Saturday, August 7, 2010

Retiring Number 47


Portrait of Tommy Glavine by Steve Penley. Presented to Glavine as part of his number retirement ceremony.

I am a Tom Glavine fan. I well remember his first full season in the major leagues. It was 1988. He went 7 - 17 with 4.56 ERA. Those 17 losses were tops in the major leagues and were part of a pitifully bad Braves team that went 54 - 106 that year. Hardly impressive. But, I liked his tenacity. I liked the fact that he was not a "fastball" type pitcher. He had a pretty good change-up. He was a "location" pitcher. He was good at painting the corners of the plate for strikes and kept hitters off stride by keeping the ball out of the middle of the plate. Well, now and then he was that way those first couple of seasons. Unrefined, but I saw potential. And I always like to root for promising rookies. That's one of the things about baseball I enjoy the most. Watching rookies develop.

Tom Glavine certainly developed. In 1989, again for a last-place Braves team, he went 14 - 8 with a respectable 3.68 ERA. It was fun to watch and listen (during my life I have experienced more Braves games on the radio than on TV, and still do today) to him every time he started. By July that was about all I was paying attention to in that sorry season. One of many losing seasons in those desert-like years for Braves fans.

All the patience and coaching and work paid off in 1991. Glavine won 20 games (the most of any pitcher in the National League that season) for the "worst-to-first" Braves team against 8 losses and a great 2.76 ERA. His career had really taken off and the Braves went to the World Series for the first time since 1958.

I like players who are gutsy, who don't necessarily have incredible pitching stuff or batting power. They are forced to play the game with determination and intelligence. Gritty players who don't rack up a ton of K's or HR's have always struck me as being what baseball is all about at its core. A game where potential and ability comes in all shapes and sizes. A game where you don't have to always look spectacular to be a hero.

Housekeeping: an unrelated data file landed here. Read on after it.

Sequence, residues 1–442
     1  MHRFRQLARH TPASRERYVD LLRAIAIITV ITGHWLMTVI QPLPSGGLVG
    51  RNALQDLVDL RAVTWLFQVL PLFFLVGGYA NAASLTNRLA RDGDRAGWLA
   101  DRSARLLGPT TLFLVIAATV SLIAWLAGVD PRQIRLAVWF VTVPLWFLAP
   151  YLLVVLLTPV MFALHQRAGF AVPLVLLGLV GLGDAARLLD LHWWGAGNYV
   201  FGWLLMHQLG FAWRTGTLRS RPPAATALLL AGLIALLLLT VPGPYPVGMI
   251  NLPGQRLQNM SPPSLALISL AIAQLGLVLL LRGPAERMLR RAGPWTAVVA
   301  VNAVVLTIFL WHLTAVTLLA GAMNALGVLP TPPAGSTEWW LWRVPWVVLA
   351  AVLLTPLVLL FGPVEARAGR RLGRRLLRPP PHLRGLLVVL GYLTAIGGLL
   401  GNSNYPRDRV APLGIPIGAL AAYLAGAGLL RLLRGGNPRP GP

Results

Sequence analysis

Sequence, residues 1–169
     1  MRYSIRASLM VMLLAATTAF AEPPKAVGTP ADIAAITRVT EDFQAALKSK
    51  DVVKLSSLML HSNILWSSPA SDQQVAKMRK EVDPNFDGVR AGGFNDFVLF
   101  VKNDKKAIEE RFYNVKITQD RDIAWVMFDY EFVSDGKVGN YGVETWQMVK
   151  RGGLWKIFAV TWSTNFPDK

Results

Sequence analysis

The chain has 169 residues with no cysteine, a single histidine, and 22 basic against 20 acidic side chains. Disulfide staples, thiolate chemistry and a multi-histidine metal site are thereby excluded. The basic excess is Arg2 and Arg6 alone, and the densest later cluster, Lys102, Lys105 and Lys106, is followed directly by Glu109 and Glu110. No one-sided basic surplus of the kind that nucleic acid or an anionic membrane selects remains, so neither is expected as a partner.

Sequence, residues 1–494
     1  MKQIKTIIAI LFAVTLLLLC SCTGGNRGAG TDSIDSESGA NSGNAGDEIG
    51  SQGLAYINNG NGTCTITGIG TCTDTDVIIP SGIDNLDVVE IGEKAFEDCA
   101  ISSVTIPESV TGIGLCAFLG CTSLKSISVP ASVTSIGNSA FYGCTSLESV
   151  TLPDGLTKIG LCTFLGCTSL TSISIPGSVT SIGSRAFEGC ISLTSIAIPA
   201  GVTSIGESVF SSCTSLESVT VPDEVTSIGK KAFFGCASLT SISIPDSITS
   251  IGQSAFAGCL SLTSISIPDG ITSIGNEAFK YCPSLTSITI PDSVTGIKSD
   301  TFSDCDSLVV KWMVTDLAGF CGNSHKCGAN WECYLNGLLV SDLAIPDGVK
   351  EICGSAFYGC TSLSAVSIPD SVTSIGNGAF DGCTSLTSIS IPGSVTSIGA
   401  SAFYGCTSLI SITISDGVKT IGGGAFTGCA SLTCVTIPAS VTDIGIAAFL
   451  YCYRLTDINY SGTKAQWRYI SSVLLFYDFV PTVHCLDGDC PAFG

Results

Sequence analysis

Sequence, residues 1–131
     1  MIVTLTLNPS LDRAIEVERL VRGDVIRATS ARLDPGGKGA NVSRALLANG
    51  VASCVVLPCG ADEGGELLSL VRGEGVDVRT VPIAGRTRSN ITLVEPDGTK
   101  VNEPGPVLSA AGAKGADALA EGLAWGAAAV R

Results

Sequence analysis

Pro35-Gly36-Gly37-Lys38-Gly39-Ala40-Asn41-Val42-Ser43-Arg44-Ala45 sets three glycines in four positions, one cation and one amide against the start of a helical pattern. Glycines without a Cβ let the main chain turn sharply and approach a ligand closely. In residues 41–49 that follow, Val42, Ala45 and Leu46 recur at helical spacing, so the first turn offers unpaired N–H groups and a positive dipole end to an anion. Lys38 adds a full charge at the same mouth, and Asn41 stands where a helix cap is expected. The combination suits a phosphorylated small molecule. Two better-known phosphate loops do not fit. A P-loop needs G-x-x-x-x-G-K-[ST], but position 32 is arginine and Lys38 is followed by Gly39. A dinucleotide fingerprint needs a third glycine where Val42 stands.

For much of my adult life Tom Glavine was my ultimate baseball hero. In the 1970's I briefly rooted for Buzz Capra but he didn't work out except for one splendid season in 1974. My first baseball hero was Woody Woodward, the mediocre second baseman for the Braves in the 1960's (they put me in at second base in my T-ball era so I think playing - if you can call it that - that position as kid and as I became conscious of being a Braves fan had a lot to do with that youthful choice). I have always hoped for a showing of greatness where it was not really expected. That, for me, is the highest baseball high as a fan.

It was all realized with Tom Glavine, more than any other player I've ever followed. He won the Cy Young Award twice, was a repeat 20-game winner, and eventually reached that pinnacle of starting pitching, over 300 career wins (even it was in a New York Mets uniform, Glavine will always be a Brave to me). He was a solid part of perhaps the last great pitching trio in baseball history while playing over a decade with Hall-of-Fame caliber teammates Greg Maddux and John Smoltz. Plus, Glavine could help himself with the bat. He won four silver slugger awards. He laid down more sacrifice bunts than any player in baseball history. A little known fact.